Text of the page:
Three percent of the world suffered acute food insecurity last year

FILE – Nunay Mohamed, who fled the drought-stricken Lower Shabelle area, holds her one-year old malnourished child at a displaced peoples’ camp outside Mogadishu, June 30 2022

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Farah Abdi Warsameh/Copyright 2022 The AP. All rights reserved.


Conflicts, climate change and the COVID-19 pandemic made more than a quarter-billion people suffer acute food insecurity last year in 58 countries.

That’s roughly three percent of the global population which now stands at eight billion.

Acute food insecurity is when a person’s inability to consume adequate food puts their lives or livelihoods in immediate danger.

In seven of them – Somalia, Afghanistan, Burkina Faso, Haiti, Nigeria, South Sudan and Yemen – people faced starvation and death.

The findings were laid out in a report by the Global Report on Food Crises, an alliance of humanitarian organisations founded by the U.N. and European Union.

While the increase last year was due in part to more populations being analysed, the report also found that the severity of the problem increased as well, “highlighting a concerning trend of a deterioration.”

The report found that the number of people facing acute food insecurity and requiring urgent food aid — 258 million — had increased for the fourth consecutive year, a “stinging indictment of humanity’s failure” to implement U.N. goals to end world hunger, U.N. Secretary-General António Guterres said.

Rein Paulsen, director of emergencies and resilience for the U.N. Food and Agriculture Organisation, said an interplay of causes was driving hunger. They include conflicts, climate shocks, the impact of the pandemic and consequences of Russia’s war in Ukraine that has had an impact on the global trade in fertilisers, wheat, maize and sunflower oil.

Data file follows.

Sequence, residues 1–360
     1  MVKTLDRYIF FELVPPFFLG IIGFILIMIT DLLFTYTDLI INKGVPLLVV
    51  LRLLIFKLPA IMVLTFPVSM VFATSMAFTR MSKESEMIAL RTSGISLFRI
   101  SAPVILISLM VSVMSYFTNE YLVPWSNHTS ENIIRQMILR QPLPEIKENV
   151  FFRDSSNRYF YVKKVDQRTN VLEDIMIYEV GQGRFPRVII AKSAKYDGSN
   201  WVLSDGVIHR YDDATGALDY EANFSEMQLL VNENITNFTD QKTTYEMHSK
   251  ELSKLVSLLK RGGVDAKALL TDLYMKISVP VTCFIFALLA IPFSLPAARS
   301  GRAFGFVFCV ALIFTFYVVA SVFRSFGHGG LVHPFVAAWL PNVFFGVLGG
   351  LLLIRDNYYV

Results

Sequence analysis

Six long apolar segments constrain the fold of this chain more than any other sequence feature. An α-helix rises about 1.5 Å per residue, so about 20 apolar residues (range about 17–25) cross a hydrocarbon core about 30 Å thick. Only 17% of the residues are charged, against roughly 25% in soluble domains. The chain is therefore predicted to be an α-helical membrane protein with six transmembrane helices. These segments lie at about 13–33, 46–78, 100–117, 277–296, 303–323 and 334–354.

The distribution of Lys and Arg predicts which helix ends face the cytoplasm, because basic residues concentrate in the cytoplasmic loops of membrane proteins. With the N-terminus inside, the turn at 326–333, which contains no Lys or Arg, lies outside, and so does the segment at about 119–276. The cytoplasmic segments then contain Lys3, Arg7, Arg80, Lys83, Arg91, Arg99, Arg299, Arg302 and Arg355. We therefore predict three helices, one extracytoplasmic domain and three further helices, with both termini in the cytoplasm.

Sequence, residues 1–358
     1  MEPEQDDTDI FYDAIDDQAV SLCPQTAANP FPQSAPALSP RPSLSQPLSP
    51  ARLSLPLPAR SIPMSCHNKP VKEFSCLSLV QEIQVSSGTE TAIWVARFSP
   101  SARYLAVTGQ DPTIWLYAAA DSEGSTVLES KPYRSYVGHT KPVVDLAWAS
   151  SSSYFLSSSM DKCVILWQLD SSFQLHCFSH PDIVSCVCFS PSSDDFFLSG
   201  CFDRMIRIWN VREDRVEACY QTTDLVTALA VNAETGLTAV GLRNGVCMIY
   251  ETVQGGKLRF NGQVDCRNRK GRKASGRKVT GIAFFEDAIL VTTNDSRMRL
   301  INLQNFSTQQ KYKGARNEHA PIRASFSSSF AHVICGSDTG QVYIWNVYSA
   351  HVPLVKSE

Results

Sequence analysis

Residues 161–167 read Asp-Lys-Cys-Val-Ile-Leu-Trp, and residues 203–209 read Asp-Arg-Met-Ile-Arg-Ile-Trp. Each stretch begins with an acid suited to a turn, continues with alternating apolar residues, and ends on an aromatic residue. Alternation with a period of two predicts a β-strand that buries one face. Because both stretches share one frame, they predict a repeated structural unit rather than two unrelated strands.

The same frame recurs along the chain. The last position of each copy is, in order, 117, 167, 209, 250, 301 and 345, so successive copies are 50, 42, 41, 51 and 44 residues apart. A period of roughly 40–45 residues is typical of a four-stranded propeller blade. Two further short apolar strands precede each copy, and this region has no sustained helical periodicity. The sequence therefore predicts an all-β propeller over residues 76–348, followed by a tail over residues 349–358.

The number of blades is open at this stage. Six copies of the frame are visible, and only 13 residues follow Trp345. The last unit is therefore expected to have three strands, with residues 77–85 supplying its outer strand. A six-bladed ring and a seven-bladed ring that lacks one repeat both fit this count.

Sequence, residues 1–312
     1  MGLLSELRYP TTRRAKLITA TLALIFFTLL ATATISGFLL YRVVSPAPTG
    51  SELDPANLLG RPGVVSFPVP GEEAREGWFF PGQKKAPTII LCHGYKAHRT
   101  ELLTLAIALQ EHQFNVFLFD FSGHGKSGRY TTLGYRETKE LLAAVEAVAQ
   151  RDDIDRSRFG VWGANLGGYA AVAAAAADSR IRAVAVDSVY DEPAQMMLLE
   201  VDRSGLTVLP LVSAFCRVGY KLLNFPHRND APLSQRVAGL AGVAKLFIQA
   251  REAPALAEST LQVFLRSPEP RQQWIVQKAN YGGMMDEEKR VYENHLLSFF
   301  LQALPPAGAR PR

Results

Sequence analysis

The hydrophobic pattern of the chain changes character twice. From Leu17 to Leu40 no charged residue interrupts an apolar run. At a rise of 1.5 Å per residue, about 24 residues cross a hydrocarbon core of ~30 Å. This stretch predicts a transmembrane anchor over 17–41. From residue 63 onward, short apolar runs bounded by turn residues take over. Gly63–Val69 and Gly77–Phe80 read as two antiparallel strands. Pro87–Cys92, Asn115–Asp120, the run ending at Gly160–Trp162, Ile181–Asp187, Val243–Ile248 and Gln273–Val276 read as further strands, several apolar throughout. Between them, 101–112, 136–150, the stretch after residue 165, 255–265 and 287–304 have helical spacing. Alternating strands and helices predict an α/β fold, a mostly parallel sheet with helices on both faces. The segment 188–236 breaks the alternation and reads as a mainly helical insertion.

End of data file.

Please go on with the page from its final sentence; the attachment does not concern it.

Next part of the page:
The impact has been most acute on the poorest countries that are dependent on food imports. “Prices have increased (and) those countries have been adversely affected,” Paulsen said.

He called for a “paradigm shift” so that more funding is spent investing in agricultural interventions that anticipate food crises and aim to prevent them.

“The challenge that we have is the disequilibrium, the mismatch that exists between the amount of funding money that’s given, what that funding is spent on, and the types of interventions that are required to make a change,” he said.

The U.N. World Food Programme’s new chief issued a warning that the agency’s resources to provide food aid amid the surging needs are “running dangerously low.” Executive Director Cindy McCain told panellists at an event to present the report that the agency could be forced to make “heart-breaking decisions to slash” assistance if substantial new funding doesn’t materialise quickly.

On a visit to the Horn of Africa McCain had earlier tweeted “the world cannot forget about Somalia.”

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